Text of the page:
Secrets Q & A
- Written by John E. Johnson, Jr.
- Published on 18 February 2010
Cables, Cables, and More Cables
One of the most interesting things about A/V cables is that they come in all sizes and shapes, or rather, conductor configurations. Some are twisted, some are spiral, some are flat, some are round, some are different diameters, etc. Just about everything you could imagine is in someone's cable design out there. The idea is to do as little to the signal as possible in the cable, right? No signal loss, no smearing, no change in frequency response, right? So, why are special, and very expensive A/C power cords marketed as improving the sound? The only way they could improve the sound is to attenuate the RF and other noise that comes in through the miles and miles of power lines to which that A/C cord is attached.
Well, this sounds contradictory right from the start. We want audio cables to do nothing to the sound (not remove anything), but we want A/C power cords to improve the sound, and the only way it can do that is to remove the noise that is on the power lines. In other words, you expect the complete opposite effect on one set of wires vs. another. Here, again, you can spend mucho dinero on A/C power cords.
Is something wrong with this picture? Our own double-blind tests on A/C power cords failed to show any differences between expensive vs. inexpensive cords.
This is not to say that no one has ever heard any difference between any sets of A/V cables. There are some tests that have been positive for intereconnects and speaker cables - just as there are differences in the performance of speakers and amplifiers. And, so that I am clear on this, I do believe that good cables can make a difference in the sound quality, although I do not believe that the differences are dramatic. They are subtle at best, and this is part of the problem.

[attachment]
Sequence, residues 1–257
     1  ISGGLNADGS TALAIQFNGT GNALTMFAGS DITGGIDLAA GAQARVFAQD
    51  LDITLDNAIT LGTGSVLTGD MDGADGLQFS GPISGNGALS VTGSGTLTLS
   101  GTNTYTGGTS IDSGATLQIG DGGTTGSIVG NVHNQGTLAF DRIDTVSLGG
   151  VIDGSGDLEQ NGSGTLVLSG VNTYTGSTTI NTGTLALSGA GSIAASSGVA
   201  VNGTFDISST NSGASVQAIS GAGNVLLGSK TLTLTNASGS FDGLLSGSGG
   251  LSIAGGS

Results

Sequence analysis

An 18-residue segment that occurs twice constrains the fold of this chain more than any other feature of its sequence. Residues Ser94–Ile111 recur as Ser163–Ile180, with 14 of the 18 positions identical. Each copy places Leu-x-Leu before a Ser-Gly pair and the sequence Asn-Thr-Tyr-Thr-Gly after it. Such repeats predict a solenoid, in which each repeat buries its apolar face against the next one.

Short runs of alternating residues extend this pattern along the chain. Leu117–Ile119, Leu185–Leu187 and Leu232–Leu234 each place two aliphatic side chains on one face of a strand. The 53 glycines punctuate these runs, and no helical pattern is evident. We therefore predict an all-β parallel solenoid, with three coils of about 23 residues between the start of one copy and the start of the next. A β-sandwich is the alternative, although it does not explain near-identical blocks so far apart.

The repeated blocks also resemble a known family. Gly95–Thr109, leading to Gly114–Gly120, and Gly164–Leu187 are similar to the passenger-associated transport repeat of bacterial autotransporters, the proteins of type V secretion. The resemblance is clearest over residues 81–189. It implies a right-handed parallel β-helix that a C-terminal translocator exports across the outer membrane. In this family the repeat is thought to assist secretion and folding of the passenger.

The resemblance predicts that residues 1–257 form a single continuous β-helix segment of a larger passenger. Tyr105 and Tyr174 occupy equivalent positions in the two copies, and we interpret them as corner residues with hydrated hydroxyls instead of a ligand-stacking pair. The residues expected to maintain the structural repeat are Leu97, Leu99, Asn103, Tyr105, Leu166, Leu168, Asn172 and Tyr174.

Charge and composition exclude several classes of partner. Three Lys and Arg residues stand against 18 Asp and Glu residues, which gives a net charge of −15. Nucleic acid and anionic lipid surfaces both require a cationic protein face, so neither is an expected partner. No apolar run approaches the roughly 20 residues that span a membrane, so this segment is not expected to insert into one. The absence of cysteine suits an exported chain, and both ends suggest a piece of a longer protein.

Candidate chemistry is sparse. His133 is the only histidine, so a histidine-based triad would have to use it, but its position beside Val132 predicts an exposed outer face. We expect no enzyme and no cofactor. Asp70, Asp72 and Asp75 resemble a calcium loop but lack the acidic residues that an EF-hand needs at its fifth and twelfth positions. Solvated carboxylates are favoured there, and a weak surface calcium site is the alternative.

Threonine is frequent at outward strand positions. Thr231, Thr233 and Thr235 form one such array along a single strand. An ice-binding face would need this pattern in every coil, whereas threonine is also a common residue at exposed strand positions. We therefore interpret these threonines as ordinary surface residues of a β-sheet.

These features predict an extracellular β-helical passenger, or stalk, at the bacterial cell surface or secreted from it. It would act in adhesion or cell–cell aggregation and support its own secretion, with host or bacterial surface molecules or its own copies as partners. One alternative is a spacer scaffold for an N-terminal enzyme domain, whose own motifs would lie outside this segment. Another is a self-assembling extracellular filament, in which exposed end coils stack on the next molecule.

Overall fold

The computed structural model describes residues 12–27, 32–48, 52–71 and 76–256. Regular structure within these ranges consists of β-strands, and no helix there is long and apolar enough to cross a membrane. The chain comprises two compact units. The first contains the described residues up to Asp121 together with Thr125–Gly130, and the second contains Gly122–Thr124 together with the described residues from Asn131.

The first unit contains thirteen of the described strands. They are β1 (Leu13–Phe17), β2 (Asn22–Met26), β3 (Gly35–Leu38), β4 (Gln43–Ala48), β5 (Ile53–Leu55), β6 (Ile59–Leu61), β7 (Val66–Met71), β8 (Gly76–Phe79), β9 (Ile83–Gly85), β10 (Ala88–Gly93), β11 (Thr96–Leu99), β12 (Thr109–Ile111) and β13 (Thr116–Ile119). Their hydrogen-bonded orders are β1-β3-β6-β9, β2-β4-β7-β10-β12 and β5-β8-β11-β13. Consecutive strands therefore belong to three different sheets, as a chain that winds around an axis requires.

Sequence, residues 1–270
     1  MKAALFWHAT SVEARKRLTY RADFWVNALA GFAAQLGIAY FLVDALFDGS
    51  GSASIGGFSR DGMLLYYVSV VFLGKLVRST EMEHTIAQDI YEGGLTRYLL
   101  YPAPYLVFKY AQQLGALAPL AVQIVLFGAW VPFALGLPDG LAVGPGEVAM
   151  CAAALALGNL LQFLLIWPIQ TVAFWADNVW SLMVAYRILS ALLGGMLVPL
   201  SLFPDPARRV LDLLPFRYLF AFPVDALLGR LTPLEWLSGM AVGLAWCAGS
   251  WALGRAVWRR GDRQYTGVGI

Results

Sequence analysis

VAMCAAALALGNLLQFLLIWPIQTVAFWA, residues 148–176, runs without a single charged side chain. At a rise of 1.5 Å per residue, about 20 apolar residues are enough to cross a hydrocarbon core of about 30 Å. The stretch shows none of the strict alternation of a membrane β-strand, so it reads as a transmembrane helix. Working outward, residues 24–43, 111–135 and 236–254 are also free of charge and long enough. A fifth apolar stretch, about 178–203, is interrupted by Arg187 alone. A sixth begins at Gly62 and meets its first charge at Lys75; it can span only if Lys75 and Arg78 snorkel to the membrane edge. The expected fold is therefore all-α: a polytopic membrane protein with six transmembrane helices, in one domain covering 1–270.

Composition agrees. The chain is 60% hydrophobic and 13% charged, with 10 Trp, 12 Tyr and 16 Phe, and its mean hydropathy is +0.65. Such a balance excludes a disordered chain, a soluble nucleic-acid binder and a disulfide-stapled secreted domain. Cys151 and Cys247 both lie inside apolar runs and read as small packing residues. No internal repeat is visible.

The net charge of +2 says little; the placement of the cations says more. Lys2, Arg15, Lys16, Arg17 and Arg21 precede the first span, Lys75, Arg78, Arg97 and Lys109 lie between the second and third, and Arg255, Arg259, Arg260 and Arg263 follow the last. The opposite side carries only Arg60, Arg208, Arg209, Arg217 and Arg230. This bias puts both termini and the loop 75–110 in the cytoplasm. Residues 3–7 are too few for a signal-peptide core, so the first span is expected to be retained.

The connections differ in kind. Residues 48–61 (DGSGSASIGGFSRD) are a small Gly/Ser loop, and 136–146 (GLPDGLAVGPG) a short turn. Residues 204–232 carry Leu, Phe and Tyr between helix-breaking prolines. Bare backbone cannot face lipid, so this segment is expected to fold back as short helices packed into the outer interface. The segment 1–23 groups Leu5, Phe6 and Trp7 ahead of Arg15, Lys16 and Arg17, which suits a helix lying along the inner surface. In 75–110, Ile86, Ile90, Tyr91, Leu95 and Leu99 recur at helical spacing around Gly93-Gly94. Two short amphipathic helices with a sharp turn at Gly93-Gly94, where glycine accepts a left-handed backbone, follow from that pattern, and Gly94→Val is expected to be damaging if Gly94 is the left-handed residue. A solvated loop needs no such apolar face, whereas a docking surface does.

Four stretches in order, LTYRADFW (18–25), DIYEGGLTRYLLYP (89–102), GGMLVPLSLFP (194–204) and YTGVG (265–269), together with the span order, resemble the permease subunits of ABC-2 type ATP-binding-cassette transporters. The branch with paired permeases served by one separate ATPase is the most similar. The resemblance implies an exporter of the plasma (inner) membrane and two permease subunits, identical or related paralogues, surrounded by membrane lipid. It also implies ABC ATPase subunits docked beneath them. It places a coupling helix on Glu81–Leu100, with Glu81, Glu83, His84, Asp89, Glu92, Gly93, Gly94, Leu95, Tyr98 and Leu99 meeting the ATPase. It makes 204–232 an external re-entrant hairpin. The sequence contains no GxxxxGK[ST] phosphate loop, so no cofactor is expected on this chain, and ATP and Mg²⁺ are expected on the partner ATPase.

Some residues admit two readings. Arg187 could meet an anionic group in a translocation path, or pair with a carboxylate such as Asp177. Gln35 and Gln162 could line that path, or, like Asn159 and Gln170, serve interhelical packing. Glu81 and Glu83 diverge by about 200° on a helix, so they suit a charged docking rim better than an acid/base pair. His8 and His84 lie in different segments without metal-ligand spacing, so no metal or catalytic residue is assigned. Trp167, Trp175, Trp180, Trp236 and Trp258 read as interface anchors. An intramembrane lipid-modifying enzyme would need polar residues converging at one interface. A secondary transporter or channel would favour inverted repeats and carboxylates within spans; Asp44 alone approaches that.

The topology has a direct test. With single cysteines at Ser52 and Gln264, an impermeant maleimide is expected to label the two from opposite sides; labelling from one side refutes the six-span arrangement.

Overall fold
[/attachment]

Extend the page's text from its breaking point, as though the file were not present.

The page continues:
But, when we get to the point that someone actually expects us to shell out as much money for a pair of cables as we could for an entire home theater setup, I hereby file my official rejection of such expectations. I have seen the word "insanity" applied to discussions of cables in other publications, as well as such statements as " . . . overpriced, and you know who I mean," or generally to that effect.
There are plenty of excellent A/V cables out there, many of them sold on-line, such as Emotiva, Better Cables, Blue Jeans Cable, River Cables, and others. Certainly, the little package of RCA interconnects that comes in the box with a DVD player is not the way to go. Having well constructed cables with gold plated copper connectors is important, and these can be had for $50-$200/pair depending on whether they are interconnects and the length. Even replacing the stock A/C cord can be worthwhile, because the stock cords are sometimes pretty flimsy. But $5,000/pair, $10,000/pair, $20,000/pair? There has to be justification for this because it is just some wires and connectors, not PC boards with precision resistors, large capacitors, output devices, along with 20 pound toroidal transformers, machined chassis, or aluminum-magnesium cones, cast baskets, crossover networks with air core inductors, wood enclosures with exotic wood veneer.